Objectives: Obesity can alter the thyroid hormone status as a result of a dysregulated endocrine loop between the hypothalamo-pituitary unit and adipose tissue. The adipocytokine leptin has been shown to promote autoimmunity; hence, we aimed to clarify whether leptin excess of obesity could increase the susceptibility to develop autoimmune thyroid disease (AITD).
Study design: This cross-sectional study was performed in a tertiary care center.
Methods: Free thyroid hormones, TSH, thyroglobulin, and antithyroid antibodies levels were tested in 165 obese and 118 lean subjects. Results were plotted against variables related to body composition, leptin levels, glucose homeostasis, energy expenditure, and pattern of weight accrual.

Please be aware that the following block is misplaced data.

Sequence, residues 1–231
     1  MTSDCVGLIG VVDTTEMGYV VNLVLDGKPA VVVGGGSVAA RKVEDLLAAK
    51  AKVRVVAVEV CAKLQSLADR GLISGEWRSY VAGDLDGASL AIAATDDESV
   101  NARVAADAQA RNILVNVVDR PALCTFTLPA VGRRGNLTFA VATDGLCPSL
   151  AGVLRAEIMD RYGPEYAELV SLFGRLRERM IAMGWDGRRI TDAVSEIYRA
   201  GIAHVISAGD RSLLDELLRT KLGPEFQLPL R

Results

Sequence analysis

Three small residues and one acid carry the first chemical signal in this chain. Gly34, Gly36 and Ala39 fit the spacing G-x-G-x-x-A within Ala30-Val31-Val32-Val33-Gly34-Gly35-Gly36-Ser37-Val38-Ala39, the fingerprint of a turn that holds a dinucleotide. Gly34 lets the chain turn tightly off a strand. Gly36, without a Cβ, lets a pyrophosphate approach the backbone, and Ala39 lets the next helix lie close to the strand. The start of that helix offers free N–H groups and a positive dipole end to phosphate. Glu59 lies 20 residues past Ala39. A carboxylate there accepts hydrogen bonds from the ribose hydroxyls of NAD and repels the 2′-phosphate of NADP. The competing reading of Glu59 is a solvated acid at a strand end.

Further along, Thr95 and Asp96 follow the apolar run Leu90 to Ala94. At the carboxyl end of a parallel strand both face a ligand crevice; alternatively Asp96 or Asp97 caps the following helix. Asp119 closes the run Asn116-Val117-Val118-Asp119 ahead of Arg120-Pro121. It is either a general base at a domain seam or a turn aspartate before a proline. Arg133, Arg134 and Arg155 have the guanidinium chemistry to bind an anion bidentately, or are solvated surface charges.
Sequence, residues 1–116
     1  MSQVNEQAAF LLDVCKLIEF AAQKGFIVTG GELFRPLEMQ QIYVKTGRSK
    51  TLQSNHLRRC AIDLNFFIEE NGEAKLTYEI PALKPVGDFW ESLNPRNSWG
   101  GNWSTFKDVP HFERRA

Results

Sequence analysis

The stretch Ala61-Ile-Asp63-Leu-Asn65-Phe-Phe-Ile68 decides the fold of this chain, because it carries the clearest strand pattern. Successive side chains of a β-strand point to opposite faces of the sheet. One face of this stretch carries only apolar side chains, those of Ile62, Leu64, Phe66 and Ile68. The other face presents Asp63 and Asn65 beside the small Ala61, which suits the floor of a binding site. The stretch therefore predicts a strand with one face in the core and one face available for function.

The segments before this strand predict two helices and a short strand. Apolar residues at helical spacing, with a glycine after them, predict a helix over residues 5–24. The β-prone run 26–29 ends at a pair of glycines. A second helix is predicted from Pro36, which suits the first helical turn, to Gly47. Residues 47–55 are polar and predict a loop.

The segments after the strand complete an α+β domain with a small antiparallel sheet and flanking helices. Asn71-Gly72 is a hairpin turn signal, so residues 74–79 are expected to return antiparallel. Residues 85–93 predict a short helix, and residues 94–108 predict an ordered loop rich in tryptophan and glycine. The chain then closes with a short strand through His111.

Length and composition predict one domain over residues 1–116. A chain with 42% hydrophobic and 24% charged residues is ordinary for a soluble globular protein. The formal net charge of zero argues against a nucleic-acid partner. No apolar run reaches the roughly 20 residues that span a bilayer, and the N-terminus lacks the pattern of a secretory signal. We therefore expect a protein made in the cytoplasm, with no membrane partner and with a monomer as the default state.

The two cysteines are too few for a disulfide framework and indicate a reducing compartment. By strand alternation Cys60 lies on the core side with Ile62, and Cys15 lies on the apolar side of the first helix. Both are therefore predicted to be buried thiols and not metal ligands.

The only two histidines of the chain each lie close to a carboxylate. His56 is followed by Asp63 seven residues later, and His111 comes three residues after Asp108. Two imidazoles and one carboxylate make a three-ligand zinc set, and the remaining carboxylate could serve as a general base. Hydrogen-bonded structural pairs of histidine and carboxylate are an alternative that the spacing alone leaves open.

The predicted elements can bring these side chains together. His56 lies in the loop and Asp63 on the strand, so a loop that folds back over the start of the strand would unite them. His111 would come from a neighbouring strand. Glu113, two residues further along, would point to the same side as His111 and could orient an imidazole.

Results: Compared with controls, obese patients had lower free T3 levels and free T4 levels (P<0.01), greater prevalence of hypothyroidism (P<0.05), and higher commonness of antithyroid antibodies (P<0.05). As a marker of AITD, thyroid peroxidase antibodies were more frequent in the obese group (P<0.01). Correlation analysis showed that leptin levels were associated with AITD (P<0.01) independent of bioanthropometric variables. Multiple logistic regression analysis in pooled groups identified female sex and leptin as significant predictors of AITD.
Conclusions: Obesity increases the susceptibility to harbor AITD with an emerging role for leptin as a peripheral determinant, which needs to be confirmed in future investigations.